Archive for April, 2013

Seoul’s 14th c. South Gate restored after 2008 arson

Tuesday, April 30th, 2013

The Namdaemun, or Great South Gate, a wooden pagoda-style gate built in 1398 to serve as the main southern entrance to the walled city of Seoul, will officially reopen on Saturday, May 4th, after five years of painstaking restoration following a devastating fire.

On 8:40 PM on Sunday, February 11th, 2008, a man climbed a ladder to the second floor of the gate, poured paint thinner on the floor and set it on fire with a disposable lighter. He quickly climbed back down and fled, leaving behind unused bottles of paint thinner, a backpack, disposable lighters and the ladder. Firefighters were on the scene promptly, but there was some confusion about whether the fire was still burning and the Cultural Heritage Administration had warned the crews to proceed with caution so as not to damage the ancient structure. When the conflagration blew up again, it was too large to put out immediately. By the end of the five hour battle to put out the blaze, the gate had collapsed and was a smoldering pile of wreckage.

A suspect was apprehended the next day. A search of his home found a can of paint thinner and leather gloves used in the arson and he confessed immediately, pleading the public’s forgiveness. Apparently he destroyed this ancient and beautiful monument because he was mad at the government for ignoring a petition he filed complaining that property developers had not paid him proper compensation for land that had been expropriated to build an apartment complex. A four page screed on the topic was also found at his home by police.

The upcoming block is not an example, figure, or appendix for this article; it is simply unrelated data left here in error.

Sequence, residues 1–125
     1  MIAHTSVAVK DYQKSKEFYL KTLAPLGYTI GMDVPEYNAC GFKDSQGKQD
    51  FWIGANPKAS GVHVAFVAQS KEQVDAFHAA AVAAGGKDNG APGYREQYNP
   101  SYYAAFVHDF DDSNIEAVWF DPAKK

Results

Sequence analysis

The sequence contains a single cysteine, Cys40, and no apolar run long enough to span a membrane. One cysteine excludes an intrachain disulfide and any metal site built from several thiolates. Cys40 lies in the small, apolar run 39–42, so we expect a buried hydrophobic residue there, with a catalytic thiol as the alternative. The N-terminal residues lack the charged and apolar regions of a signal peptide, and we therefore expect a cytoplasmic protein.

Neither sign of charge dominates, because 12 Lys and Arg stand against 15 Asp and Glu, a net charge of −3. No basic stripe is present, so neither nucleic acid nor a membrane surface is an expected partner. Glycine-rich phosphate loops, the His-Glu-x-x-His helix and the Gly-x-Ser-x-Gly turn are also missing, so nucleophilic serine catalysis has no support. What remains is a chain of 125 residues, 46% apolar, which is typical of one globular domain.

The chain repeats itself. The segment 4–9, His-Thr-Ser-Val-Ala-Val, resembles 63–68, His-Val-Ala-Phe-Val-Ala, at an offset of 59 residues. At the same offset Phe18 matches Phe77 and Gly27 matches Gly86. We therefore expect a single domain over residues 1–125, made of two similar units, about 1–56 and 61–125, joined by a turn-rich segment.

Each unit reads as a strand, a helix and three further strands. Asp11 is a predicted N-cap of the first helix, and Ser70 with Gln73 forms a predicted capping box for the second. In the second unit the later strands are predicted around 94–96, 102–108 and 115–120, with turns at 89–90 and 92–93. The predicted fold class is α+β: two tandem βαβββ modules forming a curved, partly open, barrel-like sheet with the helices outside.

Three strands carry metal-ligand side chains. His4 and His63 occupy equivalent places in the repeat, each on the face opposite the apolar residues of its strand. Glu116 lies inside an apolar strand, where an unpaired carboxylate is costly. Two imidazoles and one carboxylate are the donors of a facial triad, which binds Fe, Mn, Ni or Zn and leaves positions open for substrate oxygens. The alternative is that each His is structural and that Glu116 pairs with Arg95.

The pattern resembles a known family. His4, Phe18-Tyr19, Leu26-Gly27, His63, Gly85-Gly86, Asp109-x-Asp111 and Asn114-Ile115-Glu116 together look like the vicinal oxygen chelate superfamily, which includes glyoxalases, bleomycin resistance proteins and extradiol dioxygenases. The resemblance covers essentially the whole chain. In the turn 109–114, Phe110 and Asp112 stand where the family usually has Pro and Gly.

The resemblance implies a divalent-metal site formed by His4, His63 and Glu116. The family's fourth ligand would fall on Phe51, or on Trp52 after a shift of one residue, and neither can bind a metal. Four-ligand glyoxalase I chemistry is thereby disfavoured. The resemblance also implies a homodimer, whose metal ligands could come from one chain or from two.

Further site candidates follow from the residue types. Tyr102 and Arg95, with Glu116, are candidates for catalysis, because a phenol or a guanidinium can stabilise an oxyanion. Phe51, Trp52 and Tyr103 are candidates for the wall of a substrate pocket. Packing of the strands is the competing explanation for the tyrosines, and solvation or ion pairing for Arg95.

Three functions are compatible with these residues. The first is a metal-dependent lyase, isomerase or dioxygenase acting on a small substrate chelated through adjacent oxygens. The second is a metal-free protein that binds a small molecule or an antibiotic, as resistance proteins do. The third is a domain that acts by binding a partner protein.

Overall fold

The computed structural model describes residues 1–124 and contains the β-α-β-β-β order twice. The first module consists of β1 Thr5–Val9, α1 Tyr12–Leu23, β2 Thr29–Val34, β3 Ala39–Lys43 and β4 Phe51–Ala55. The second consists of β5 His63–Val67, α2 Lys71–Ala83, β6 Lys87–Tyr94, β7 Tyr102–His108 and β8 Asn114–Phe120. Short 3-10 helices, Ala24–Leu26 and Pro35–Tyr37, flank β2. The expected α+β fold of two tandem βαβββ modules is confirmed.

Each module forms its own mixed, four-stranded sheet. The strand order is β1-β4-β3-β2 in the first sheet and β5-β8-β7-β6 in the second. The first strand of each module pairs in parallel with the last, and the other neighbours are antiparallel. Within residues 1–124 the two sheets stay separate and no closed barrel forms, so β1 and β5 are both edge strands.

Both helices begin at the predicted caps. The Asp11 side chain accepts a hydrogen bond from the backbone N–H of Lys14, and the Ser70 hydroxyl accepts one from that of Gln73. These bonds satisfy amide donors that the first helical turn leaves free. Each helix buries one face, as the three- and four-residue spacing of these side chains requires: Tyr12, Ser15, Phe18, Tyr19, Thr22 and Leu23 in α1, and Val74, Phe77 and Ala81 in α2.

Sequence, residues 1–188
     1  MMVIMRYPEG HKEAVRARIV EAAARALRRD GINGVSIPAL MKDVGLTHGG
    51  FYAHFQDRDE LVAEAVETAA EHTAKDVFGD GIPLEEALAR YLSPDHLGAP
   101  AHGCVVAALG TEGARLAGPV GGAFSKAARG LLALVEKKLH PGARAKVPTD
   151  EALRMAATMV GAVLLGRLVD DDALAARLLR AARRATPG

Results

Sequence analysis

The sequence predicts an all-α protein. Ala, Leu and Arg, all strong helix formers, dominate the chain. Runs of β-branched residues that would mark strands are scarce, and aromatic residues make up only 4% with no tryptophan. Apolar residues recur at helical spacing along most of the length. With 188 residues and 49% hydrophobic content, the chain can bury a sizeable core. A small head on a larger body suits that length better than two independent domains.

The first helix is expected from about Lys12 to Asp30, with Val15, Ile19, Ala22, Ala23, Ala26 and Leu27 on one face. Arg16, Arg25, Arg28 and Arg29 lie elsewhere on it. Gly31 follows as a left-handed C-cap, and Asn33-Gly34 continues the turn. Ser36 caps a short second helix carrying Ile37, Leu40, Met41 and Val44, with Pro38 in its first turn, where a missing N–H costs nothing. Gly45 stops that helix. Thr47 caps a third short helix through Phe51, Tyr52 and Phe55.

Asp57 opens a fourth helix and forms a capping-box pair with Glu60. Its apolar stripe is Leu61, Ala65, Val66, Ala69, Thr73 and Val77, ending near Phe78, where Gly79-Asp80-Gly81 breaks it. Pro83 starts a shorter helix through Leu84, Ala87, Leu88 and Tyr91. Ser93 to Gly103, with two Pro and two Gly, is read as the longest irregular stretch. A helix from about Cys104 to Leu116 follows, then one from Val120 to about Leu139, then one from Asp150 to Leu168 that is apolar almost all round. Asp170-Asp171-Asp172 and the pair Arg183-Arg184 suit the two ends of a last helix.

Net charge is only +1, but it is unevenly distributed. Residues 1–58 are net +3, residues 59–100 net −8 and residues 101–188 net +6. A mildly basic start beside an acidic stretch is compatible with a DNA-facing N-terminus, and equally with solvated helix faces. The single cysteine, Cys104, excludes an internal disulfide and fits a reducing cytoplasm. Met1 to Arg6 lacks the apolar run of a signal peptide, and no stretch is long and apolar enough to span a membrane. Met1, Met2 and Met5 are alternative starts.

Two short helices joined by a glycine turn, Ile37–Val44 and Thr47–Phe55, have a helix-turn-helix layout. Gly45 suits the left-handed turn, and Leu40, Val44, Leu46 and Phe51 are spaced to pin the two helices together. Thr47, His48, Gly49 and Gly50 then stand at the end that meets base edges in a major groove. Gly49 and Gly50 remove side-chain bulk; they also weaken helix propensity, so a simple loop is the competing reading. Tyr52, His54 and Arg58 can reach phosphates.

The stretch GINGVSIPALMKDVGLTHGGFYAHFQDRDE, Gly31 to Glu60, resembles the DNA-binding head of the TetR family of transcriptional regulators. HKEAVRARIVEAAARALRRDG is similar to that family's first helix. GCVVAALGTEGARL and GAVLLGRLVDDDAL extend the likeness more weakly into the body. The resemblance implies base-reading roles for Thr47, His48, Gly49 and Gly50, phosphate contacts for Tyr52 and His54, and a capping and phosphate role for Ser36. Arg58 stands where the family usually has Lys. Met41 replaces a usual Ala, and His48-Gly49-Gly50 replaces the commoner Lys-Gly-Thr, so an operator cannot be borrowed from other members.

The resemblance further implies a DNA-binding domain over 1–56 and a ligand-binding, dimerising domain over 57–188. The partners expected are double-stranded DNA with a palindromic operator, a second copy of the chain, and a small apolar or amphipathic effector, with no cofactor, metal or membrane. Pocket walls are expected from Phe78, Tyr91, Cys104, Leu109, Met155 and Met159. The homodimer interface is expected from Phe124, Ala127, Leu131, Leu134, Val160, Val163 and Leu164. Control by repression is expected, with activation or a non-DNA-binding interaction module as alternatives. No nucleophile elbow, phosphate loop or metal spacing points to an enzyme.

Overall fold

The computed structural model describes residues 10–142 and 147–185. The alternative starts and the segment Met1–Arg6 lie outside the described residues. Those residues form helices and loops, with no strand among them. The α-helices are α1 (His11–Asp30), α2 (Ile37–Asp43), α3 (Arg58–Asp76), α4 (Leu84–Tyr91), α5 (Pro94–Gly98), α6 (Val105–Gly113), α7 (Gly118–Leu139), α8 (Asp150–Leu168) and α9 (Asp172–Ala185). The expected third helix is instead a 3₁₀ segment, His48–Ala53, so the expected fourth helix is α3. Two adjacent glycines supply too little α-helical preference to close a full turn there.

He was 69 when he committed this crime, hardly an impetuous youth, and it wasn’t the first he set fire to a historical monument. He was convicted in April of 2006 for setting a fire that burned down part of UNESCO World Heritage site Changgyeong Palace in Seoul. In an example of justice gone very wrong indeed, he was given a suspended 18-month jail sentence and a fine of a few thousand dollars. He was convicted of the arson of Namdaemun in October of 2008. The law learned too late from its mistake, but at least this time he got 10 years in jail, none of them suspended. Let’s hope he’s too old to climb ladders when he gets out.

The destruction of the Namdaemun, officially named Sungnyemun, or The Gate of Exalted Ceremonies, was a devastating blow to the country. Seoul has lost a great many of its historic monuments to modernization, occupation and war. This ancient gate, one of four built along the walls protecting Seoul just six years after the city became the capital of the then-new Joseon Dynasty (1392 -1910), was the oldest wooden structure in the city. It was given the formal designation of National Treasure Number One in 1962 during a previous restoration to repair damage from the Korean War (1950-1953) and the Japanese Occupation (1910-1945). It was only opened to the public for the first time since the occupation in 2006.

As horrific as the devastation was, there was still a fair amount of recoverable material from the site, enough to support a restoration. Authorities thankfully had made detailed architectural plans 182 pages long of the gate before opening it to the public in 2006, so restorers had accurate measurements and construction details to go on. However, given the opportunity to start from scratch, the government decided to restore the gate to its original form, rebuilding walls destroyed by the Japanese during the occupation and using only traditional construction methods. Instead of the modern paint and tiles employed during the restoration of the 1960s, this restoration would use only hand-made roof tiles fired in traditional kilns and natural paints, which had to be imported from Japan because there are no traditional paint manufacturers left in Korea, for the dancheong, the gloriously colorful decorative painting. Carpenters and stonemasons would use no power tools. It was hammers and chisels all the way.